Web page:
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The Filibuster Question And Politico’s Lousy Job Of Reporting

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Politico has a piece up on the filibuster which unfortunately distorts my view on the subject despite my having spent 30 minutes with one of the authors, Daniel Strauss, on the phone discussing it last week.

I don’t have a position on whether the “Reid Rule” should be invoked to repeal Obamacare “root and branch,” or pass an end to the  sequester on the Defense department, and the article I wrote cited by the authors as evidence that I was one of the “loudest voices” calling for the invocation of the “Reid Rule” earlier this year doesn’t support that description because it instead fact outlines the very choice the Senate with a GOP president would face.  (I wonder if they read it, or why Strauss didn’t mention it to me or call me back for a comment.) I spent a lot of time with Strauss explaining how the filibuster serves important ends and supports the constitutional design of the Senate but that folks like former Senator Jim Talent and others are raising the issue of the urgency of quick action, and urging him to call other experts like Dr. Larry Arnn of Hillsdale College for an understanding of the complicated issue involved, and pointed to Senator Tom Cotton who had discussed both sides of the argument without declaring one way or the other, which is what I have been at pains to do.

The Strauss/Everett piece again confirms the wisdom of my usual rule of only doing interviews with Beltway journalists over the air.  This is especially true of the new gang at Politico which is dragging the site left, left, left.  I don’t know why Strauss would write up our interview this way –I went to great lengths to emphasize that I hadn’t decided one way or the other, but saw the issue as an interesting one as he correctly noted because it exposes a seam in the GOP filed– but I suspect the category of “interested but impartial conservative journalist” didn’t interest him, his co-author or his editor.  Unfortunate, that inability to correctly record an interviewee’s opinions.  It follows a reporter, impacting their reputation.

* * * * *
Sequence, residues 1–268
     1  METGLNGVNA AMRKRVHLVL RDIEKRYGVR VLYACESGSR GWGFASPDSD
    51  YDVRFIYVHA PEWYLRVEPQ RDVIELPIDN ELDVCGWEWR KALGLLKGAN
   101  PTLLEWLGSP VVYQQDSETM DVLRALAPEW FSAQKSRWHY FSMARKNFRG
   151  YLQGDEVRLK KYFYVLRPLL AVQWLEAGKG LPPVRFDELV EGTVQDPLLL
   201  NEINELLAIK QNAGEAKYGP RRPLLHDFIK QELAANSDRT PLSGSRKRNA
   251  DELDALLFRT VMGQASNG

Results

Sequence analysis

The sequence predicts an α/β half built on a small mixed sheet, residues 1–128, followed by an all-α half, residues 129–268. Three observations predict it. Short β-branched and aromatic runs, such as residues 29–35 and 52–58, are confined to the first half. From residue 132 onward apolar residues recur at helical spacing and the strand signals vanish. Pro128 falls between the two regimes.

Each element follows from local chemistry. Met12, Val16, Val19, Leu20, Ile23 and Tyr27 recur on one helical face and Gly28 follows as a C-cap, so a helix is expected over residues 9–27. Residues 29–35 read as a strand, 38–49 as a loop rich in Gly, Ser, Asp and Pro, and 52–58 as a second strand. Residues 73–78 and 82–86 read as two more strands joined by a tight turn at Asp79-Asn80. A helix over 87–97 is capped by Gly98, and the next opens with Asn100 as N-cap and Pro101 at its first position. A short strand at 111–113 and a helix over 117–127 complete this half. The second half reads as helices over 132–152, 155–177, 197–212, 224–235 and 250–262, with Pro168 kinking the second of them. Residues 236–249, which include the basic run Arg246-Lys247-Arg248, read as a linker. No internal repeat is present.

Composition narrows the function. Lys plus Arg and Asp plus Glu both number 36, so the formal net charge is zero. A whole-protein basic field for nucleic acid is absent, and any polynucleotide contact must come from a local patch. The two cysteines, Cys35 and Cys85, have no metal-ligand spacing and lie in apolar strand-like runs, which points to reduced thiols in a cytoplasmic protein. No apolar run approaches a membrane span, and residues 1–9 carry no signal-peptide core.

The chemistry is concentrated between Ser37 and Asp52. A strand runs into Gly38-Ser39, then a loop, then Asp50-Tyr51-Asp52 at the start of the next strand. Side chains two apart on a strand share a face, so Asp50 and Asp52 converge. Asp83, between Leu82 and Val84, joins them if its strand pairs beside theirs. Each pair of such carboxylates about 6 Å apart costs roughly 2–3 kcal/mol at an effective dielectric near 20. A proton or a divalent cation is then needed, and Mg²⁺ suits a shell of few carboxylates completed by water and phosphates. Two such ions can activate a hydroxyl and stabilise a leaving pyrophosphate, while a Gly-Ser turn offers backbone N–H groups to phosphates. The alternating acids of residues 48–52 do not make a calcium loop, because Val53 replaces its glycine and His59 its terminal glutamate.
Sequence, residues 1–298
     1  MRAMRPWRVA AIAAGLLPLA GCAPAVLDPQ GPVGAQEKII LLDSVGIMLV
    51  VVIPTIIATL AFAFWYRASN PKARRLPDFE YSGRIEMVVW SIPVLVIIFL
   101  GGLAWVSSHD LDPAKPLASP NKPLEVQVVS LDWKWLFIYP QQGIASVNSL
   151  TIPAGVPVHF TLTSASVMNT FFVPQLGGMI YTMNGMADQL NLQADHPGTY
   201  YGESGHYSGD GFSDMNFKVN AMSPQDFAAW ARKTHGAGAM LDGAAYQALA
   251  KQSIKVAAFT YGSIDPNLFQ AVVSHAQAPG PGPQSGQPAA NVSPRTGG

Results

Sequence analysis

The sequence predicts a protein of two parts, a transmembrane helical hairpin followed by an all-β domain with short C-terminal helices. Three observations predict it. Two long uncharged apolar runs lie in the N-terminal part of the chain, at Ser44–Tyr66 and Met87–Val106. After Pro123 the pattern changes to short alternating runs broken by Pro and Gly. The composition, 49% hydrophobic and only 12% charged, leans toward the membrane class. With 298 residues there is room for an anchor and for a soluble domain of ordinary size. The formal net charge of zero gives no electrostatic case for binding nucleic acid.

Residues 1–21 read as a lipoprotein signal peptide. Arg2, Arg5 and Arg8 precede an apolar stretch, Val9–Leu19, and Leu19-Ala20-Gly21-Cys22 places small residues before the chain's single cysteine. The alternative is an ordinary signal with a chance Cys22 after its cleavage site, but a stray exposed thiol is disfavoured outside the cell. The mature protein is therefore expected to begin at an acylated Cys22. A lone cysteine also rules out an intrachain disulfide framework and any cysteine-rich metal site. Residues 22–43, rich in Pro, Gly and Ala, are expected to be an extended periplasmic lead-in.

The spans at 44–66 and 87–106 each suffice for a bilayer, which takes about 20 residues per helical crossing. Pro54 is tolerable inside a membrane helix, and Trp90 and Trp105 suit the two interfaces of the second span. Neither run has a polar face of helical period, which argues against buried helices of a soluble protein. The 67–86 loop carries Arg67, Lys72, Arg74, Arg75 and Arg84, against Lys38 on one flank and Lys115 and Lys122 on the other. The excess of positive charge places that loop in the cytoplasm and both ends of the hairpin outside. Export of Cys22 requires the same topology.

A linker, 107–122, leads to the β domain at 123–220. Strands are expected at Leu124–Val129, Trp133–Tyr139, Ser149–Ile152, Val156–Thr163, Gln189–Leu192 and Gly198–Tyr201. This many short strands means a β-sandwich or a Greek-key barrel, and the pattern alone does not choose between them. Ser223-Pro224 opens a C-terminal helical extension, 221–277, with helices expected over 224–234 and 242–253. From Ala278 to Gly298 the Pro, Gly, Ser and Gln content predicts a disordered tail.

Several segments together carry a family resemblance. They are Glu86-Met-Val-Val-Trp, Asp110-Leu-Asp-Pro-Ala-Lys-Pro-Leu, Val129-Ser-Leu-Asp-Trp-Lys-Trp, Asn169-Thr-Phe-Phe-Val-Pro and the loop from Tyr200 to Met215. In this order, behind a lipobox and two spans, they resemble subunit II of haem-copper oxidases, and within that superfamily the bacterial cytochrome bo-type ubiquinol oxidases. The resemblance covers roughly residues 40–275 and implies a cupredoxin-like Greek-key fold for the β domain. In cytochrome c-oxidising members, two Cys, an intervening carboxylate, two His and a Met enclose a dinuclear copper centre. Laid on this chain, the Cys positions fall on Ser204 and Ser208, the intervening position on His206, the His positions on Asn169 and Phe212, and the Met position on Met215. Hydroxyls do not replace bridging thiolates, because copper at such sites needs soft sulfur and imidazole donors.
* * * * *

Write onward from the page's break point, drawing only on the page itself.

My Washington Examiner column this AM notes the rapid decline of seriousness in D.C.  Part of that is the fault of a press corps that cares more about clicks than getting a story right, even if the story is complicated and important.  The grey heads at Politico need to sit the youngsters down and talk to them about this or they will continue to bleed credibility and talent.  I spent quite a lot of time with Dylan Byers earlier this month and was happy to do so, and Mike Allen is always welcome on the show, as was James Hohmann when he hung his hat there.  But botching a story this badly makes you wonder about a brand, it really does.  It wouldn’t have been hard to get it right. It would merely have been inconvenient.

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